The Coalition government says the 2018 financial year budget deficit shrank to $10.1 billion, almost half the $18.2 billion forecast in the May budget, and one third the original forecast.
Despite the surge, the government is playing down, but not ruling out, an early return to surplus as it uses extra revenue to fund new spending commitments rather than find savings elsewhere.
The final budget outcome for 2017-18 was driven by a revenue surge largely due to high company tax receipts, as well as higher income taxes and lower welfare payments due to growing employment.
Welfare dependency for working age people is its lowest level in 25 years. In 2017-18, there were 90,000 fewer working age Australians on welfare.
Treasurer Josh Frydenberg and Finance Minister Mathias Cormann used the numbers to warn voters against a return to Labor, saying that would jeopardise the comeback.
The deficit of $10.1 billion for the year ended June 30 represents a $23 billion turnaround from the $33.2 billion gap the year before, 2016-17. It is also a $19.3 billion improvement on the $29.4 billion deficit estimated outlined in the 2017-18 Budget
The May budget forecast a deficit of $14.5 billion for this financial year and a balance of $2.2 billion for the financial year 2020. The revenue surge has prompted considerable expectation the government will go to the next election promising an early surplus.
Mr Frydenberg left open the prospect of an early return to surplus but said that would not be known until the Mid Year Economic and Fiscal Outlook (MYEFO) was released before Christmas.
“We are still on track to come back to balance in 2019/20. That is the most recent forecasts, and as you know, the next forecasts will be updated in MYEFO,” he said.
At the same time, the government has abandoned its rule of funding all new spending using offsets elsewhere. Instead, it is using the extra revenue to pay for promises which, since the budget, amount to about $4 billion over the four-year forward estimates.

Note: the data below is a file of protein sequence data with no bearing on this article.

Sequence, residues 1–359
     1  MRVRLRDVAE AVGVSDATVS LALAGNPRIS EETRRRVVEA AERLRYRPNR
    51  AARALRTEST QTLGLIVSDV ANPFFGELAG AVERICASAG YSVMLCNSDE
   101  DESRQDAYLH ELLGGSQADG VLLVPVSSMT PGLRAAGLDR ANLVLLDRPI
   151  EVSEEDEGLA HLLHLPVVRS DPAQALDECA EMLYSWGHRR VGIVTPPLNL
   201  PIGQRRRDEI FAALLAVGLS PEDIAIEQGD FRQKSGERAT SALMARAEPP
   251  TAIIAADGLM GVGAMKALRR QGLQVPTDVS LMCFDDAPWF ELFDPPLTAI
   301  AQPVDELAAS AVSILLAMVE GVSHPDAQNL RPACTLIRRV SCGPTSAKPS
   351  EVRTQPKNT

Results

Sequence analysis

Labor says the government has abandoned responsible budget management.
Mr Frydenberg said in the past financial year, receipts “were $13.4 billion higher than expected, reflecting the record number of people in jobs and our growing economy”.
Spending was $6.9 billion lower than estimated at the time of the 2017-18 Budget. This includes NDIS payments which were $2.3 billion less than estimated, and $1.3 billion less to the states for infrastructure due to delays in State-led projects.
“Today’s outcome is the result of a strong economy,” he said. “But we cannot be complacent. And we cannot risk a return to Labor.”
Before the numbers were released, Prime Minister Scott Morrison emphasised the government’s strategy was to stay on track to achieve a budget balance in 2019-20 and a surplus thereafter.
He said the government could adhere to that trajectory while fund the extra spending along the way because of its economic management.
“We have been focusing on growing the economy and getting investment moving in the country. And that’s why we’ve seen and we’ve been focusing on getting people off welfare and into work,” he told Sky News.
“These have been the key reasons why we’ve seen the improvement in our bottom line as a budget.
“We’ve taken strong decisions on expenditure, we’ve taken strong decisions around how we’ve tightened up entitlements.
“All of this together has improved a much stronger budget position so we can do the things that I’ve just been talking about, whether it’s our infrastructure investments, our investments in health services,” he said.
“We’ve had a trajectory to get the budget back into balance first in 2021 and in this year I announced that would come forward to 2019-20 and we remain on track for that.
“We’ll just continue to stick to that plan. By running a strong economy, we are able to stick to that plan, that’s why we’ve kept our AAA credit rating, which last week was upgraded.”